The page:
VW Stock Gets Boost From Planned IPO of Heavy-Truck Division

A Traton International LT A26 haulage truck. (Krisztian Bocsi/Bloomberg News)

Volkswagen AG shares climbed the most in two weeks after the German automaker revived plans for a partial offering of its Traton SE heavy-truck division and said it may dispose of two noncore businesses.

The decision to list the truck unit came late May 13, just two months after the world’s largest carmaker shelved the proposal, citing market conditions. While it didn’t explain the about-face, VW said it hopes to list the business — which sells Scania, MAN, and VW-branded heavy trucks — by its August break.

“The most important point for us is that we’ve made the decision to IPO now,” Volkswagen trucks head Andreas Renschler said in an interview with Bloomberg Television on May 14. “Of course, there are uncertainties in the market, but they will be always there. Now we can go further and develop our strategy.”

The company also plans to look for a sale, joint venture or partnership for its MAN Energy Solutions and Renk AG divisions while moving forward with a program to manufacture batteries for electric cars.

A share sale of the trucks unit likely would be the biggest IPO in Europe this year. Its total valuation could be as high as 25 billion euros, Bloomberg estimates. The proceeds will help fund an expansion of the business outside of Europe, Renschler said. The deal also will give a boost to CEO Herbert Diess’ revamp — a plan left in doubt with the decision in March to pull back from the offering.

“We still have to contend today with cumbersome structures, complex processes and high costs in some areas,” Diess said in speech notes at the annual meeting. “We still have great potential for improvement when it comes to lean administration and efficient production.”

Diess and his team are trying to decentralize the German industrial giant, make it more agile and boost efficiency. The sale is seen as a litmus test for his ability to reshape a 12-brand global behemoth and unlock hidden value.

VW said separately May 13 it plans to invest almost 1 billion euros to produce battery cells at a German site in Salzgitter, near it headquarters in Wolfsburg. The company plans to add 700 jobs there and said it will need vast quantities of batteries as it embarks on a 30 billion-euro push into electric cars, the industry’s most ambitious, with 70 electric models planned by 2028.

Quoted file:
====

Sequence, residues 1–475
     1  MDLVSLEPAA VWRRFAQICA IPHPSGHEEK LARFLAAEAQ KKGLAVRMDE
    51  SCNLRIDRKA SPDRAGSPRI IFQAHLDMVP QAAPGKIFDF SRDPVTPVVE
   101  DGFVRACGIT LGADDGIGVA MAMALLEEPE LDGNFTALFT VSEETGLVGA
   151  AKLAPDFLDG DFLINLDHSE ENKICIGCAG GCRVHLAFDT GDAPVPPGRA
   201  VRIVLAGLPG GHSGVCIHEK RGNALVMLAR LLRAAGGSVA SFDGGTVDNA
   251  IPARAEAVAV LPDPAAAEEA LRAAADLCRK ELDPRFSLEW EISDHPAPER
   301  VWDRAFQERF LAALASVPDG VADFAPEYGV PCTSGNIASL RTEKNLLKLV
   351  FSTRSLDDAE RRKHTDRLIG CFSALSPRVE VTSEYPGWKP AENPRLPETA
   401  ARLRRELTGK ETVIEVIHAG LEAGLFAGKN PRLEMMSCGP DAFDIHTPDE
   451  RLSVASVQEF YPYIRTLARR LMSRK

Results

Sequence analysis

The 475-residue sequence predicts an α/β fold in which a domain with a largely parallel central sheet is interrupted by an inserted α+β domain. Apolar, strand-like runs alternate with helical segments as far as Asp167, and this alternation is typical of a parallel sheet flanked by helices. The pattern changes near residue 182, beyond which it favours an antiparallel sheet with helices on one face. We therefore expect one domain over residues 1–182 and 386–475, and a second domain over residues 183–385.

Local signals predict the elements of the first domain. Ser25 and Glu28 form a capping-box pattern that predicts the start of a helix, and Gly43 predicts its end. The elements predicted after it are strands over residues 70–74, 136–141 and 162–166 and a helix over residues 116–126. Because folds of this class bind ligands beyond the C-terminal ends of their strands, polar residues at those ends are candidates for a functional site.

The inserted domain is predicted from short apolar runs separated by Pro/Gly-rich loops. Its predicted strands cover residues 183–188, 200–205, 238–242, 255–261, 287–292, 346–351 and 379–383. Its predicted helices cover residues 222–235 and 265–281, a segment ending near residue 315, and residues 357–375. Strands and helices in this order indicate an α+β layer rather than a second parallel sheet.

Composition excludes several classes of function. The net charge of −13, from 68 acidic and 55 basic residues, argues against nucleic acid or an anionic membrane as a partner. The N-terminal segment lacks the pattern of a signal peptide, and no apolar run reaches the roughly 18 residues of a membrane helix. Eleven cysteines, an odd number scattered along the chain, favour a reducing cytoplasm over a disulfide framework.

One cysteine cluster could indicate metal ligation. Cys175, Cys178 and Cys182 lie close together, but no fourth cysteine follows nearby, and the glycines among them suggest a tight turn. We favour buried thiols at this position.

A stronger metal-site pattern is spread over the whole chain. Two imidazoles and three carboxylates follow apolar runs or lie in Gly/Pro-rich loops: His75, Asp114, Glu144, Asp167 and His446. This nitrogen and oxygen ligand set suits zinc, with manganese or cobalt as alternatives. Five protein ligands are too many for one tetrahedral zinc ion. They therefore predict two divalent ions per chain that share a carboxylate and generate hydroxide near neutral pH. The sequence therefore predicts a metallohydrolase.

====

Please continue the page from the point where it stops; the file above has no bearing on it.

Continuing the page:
Volkswagen CEO Herbert Diess (Krisztian Bocsi/Bloomberg News)

The company also confirmed it will progress with plans to sound out options for an additional factory in Eastern Europe. The move had sparked resistance from VW’s influential German unions after Diess floated plans for deeper cutbacks at the German workforce than previously agreed upon.

VW’s powerful labor leader, Bernd Osterloh, expects an agreement on the further overhaul of the company’s German workforce to be reached later this month, according to an internal memo to staff seen by Bloomberg.

The IPO, in the works for more than two years, is part of a strategy overhaul through 2025. Traton, which is focused on Europe, seeks to challenge global leaders Daimler AG and Volvo AB in other markets, including the United States, where it could boost VW’s stake in peer Navistar International Corp.

“We are following our global champion strategy, and this is the major outcome of our IPO,” Renschler said. VW is happy with the Navistar partnership, he added, and doesn’t plan to raise its 17% stake.

Shares of Navistar gained 3% in U.S. trading May 13.


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